Last year, the dog I had with my ex-husband passed away. Her name was Allie. She was a golden retriever, and the first real pet dog I ever had.
We brought her home she was a few months old. Growing up, my family did not have dogs and I didn’t know how to live with a puppy. She ate my good leather shoes, pulled my underwear out of the laundry basket and chewed it up, and licked the finish off one of our pieces of furniture. I wasn’t prepared for having a puppy and I wasn’t very patient with her.
I got used to having Allie around though, and she was incredibly smart. My ex and I weren’t living together full time, so I saw her on the weekends. She was learning all of the standard commands, and quickly. She was sweet and kind and a great snuggler.
After we got married and moved to another town, Allie kept me company during the long nights while my ex-husband was working nights. She was by my side while I was pregnant with our first child, working on my associates degree. When our daughter was born, we made sure to introduce her to Allie as soon as we walked in the door. Allie was never jealous — she simply accepted our daughter Katelyn as one of her own.
When Katelyn was about two, I was playfully chasing her around the living room with the vacuum as she screamed and flung herself dramatically onto the couches to escape. When I took a short break to answer the phone, Allie charged at the vacuum and knocked it over. To Allie, it wasn’t a game. The vacuum messed with her girl and the vacuum had to be punished.
Although my ex had a strict “no dogs on the furniture” rule in our house, I often got scared being alone in the new house at night while he was at work. I’d invite Allie to join me in our queen bed and keep me company. I could tell from the way she slunk into the bed and leaned up against me that she knew she’d be in trouble if she got caught. I always assured her that I’d take the rap in the morning when he got home.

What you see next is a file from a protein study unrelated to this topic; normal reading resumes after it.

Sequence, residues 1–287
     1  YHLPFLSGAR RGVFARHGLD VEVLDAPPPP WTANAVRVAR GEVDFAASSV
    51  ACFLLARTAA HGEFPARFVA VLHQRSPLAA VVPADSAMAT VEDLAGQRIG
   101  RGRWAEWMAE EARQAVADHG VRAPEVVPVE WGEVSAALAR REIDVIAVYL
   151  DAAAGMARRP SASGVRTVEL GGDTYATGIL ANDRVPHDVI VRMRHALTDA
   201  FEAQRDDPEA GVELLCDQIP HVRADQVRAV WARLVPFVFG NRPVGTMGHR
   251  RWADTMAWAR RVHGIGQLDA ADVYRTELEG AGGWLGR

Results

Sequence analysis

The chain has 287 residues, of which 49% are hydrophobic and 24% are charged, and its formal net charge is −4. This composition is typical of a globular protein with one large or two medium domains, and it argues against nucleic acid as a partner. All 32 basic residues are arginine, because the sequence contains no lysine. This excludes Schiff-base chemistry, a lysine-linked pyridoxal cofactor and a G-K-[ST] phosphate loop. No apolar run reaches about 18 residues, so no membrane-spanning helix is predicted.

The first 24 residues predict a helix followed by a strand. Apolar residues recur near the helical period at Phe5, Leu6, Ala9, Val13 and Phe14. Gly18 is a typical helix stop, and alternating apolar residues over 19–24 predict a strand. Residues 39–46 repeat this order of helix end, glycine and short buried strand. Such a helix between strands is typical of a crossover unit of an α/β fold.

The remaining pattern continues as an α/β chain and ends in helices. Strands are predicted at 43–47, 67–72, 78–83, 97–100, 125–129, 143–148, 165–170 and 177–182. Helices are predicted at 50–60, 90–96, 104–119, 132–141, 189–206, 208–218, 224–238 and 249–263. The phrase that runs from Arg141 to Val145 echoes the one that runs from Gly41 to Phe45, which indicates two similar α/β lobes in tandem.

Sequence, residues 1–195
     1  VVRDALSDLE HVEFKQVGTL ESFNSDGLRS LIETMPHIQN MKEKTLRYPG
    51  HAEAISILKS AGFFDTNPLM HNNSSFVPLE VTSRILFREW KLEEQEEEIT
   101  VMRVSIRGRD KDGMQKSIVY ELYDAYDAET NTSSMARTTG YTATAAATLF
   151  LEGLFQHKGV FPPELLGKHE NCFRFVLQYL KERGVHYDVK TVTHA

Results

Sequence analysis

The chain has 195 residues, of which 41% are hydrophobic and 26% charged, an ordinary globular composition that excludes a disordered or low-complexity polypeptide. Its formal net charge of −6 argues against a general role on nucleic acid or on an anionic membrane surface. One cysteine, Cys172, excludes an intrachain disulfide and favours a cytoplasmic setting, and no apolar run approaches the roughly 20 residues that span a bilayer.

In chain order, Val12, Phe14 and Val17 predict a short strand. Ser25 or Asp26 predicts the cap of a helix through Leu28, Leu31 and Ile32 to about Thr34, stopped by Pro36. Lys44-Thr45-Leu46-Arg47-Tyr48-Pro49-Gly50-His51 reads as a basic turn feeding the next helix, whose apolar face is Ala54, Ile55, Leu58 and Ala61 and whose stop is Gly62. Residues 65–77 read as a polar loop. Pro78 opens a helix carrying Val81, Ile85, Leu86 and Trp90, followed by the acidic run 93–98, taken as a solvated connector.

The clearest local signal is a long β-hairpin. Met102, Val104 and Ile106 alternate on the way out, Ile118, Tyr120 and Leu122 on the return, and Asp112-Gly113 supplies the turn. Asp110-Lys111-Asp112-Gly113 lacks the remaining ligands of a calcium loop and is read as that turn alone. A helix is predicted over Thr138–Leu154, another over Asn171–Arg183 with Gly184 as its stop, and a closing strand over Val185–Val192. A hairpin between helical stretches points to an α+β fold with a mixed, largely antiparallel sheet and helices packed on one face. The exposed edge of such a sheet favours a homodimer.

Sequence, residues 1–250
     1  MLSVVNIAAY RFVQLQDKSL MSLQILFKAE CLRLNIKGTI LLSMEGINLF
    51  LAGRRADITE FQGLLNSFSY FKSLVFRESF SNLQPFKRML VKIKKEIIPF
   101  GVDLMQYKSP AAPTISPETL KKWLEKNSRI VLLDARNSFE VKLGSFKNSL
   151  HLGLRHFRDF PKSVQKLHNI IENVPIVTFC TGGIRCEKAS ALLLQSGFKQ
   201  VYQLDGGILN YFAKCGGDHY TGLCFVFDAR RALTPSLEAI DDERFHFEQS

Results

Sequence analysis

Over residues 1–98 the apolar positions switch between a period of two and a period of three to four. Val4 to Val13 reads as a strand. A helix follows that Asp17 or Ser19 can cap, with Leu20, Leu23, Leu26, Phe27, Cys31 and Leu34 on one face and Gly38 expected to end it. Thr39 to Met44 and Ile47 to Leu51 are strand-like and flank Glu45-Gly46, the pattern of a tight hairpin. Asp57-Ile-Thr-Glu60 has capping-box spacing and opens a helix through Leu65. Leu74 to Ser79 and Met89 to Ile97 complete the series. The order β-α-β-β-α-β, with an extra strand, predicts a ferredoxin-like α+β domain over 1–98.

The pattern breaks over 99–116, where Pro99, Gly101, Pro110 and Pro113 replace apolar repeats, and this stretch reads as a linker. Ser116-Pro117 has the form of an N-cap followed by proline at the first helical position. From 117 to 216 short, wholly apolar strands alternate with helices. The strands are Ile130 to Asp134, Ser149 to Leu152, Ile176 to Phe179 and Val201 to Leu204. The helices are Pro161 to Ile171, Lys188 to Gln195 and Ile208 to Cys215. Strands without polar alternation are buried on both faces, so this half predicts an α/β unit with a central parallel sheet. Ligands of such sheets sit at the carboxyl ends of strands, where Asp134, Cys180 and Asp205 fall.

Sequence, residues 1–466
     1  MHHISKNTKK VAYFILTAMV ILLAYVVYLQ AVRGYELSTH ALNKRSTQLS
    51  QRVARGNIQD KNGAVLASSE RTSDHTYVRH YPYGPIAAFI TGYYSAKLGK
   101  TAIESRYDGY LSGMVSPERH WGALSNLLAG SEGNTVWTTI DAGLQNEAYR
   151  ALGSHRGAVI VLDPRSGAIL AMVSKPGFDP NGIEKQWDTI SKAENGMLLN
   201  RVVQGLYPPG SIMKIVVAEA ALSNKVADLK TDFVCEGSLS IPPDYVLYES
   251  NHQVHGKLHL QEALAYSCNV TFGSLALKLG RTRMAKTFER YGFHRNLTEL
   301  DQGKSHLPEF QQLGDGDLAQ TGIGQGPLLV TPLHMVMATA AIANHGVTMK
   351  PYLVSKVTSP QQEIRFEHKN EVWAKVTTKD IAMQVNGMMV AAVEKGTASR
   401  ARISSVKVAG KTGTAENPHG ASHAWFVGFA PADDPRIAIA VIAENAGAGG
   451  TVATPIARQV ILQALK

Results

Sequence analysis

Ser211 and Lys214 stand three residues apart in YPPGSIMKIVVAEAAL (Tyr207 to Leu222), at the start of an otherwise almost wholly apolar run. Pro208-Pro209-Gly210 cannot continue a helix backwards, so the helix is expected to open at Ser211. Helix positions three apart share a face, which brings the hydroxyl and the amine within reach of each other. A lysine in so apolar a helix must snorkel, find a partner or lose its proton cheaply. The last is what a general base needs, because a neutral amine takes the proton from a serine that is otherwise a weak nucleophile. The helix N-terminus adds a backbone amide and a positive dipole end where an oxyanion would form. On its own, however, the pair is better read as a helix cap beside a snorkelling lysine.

In no time, our son was born, and once again, Allie accepted him. He climbed all over her and pushed his hands into her mouth to grab her tongue. She was gentle and kind and patient.
When I filed for divorce, I regretted having to leave Allie behind, but I was heading to a rental property. I didn’t even bother asking.
Still, she was my dog too, so I made arrangements with my ex to allow me to take Allie on vacation with me when I took the kids to Tennessee or North Carolina to see my family. Allie was the best road trip companion I could ever want. I could count on her to stay with my sleeping kids (windows cracked of course with the doors locked) while I ran frantically to the rest stop to pee. Nobody dared bother a minivan with a dog in the front seat.
Allie and I had several hair-raising experiences on the road. Once, while driving from my parents’ house in Tennessee to my brother’s house in North Carolina, I had to drive on Route 40 across the Smokey Mountains. It was pouring rain and I was exhausted from having to be hyper vigilant for such a long time. Tractor trailers surrounded us and the hills and curves were insane. At some point she got tired of nearly falling out of the bucket seat, flicked her eyes at me, aggravated, then planted her front paws on the floor in front of her until we reached flatter terrain. Her frustration was so human. I found this simply hilarious.
Once in a while I would pick up my kids and ask my ex if I could take Allie to the beach, where she loved to run and splash in the ocean. He’d agree, and off we’d go, and she’d chase a ball into the surf so many times she’d exhaust herself and flop down on the sand next to the kids.
After our last road trip, I didn’t see Allie again for a while. From time to time my ex would ask me to feed Allie and the new dog and I made sure to spend some time with her while I was there. The new dog was an attention hog and got between Allie and me. I didn’t feel I had much quality time with her. I could see she was getting older. I knew I didn’t have much more time with her.
My relationship with my ex went downhill soon after that, and I never saw Allie “in person” again. I received word from him during the summer of 2017 that Allie’s health was not good. Soon afterward, he left for his annual trip to Maine. My kids were with him. When he arrived in Maine, he informed me that Allie had not eaten in days and could no longer get up to go to the bathroom on her own. He said he had to put her down. In Maine. (I live in Delaware.)
The night before she was scheduled to be put to sleep, my ex set up a Skype session so I was able to see Allie one last time, albeit on video, and tell her I loved her. She was obviously not doing well. I don’t know what she heard or saw or felt, but I know I appreciated being able to see her one last time. I hoped she heard me as I told her how much she meant to me.